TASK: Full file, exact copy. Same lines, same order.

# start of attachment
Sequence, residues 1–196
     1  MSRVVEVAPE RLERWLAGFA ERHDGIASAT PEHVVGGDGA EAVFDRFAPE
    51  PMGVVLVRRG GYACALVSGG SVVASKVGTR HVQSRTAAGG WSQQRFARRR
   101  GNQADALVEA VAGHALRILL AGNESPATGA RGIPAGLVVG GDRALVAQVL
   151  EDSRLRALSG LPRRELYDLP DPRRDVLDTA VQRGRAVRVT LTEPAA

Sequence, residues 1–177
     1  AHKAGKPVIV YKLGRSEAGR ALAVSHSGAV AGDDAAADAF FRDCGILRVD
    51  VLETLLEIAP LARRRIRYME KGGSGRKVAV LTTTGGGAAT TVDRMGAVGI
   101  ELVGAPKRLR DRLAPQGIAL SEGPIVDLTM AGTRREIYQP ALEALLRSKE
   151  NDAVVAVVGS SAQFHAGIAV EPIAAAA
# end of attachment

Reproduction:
Sequence, residues 1–196
     1  MSRVVEVAPE RLERWLAGFA ERHDGIASAT PEHVVGGDGA EAVFDRFAPE
    51  PMGVVLVRRG GYACALVSGG SVVASKVGTR HVQSRTAAGG WSQQRFARRR
   101  GNQADALVEA VAGHALRILL AGNESPATGA RGIPAGLVVG GDRALVAQVL
   151  EDSRLRALSG LPRRELYDLP DPRRDVLDTA VQRGRAVRVT LTEPAA

Sequence, residues 1–177
     1  AHKAGKPVIV YKLGRSEAGR ALAVSHSGAV AGDDAAADAF FRDCGILRVD
    51  VLETLLEIAP LARRRIRYME KGGSGRKVAV LTTTGGGAAT TVDRMGAVGI
   101  ELVGAPKRLR DRLAPQGIAL SEGPIVDLTM AGTRREIYQP ALEALLRSKE
   151  NDAVVAVVGS SAQFHAGIAV EPIAAAA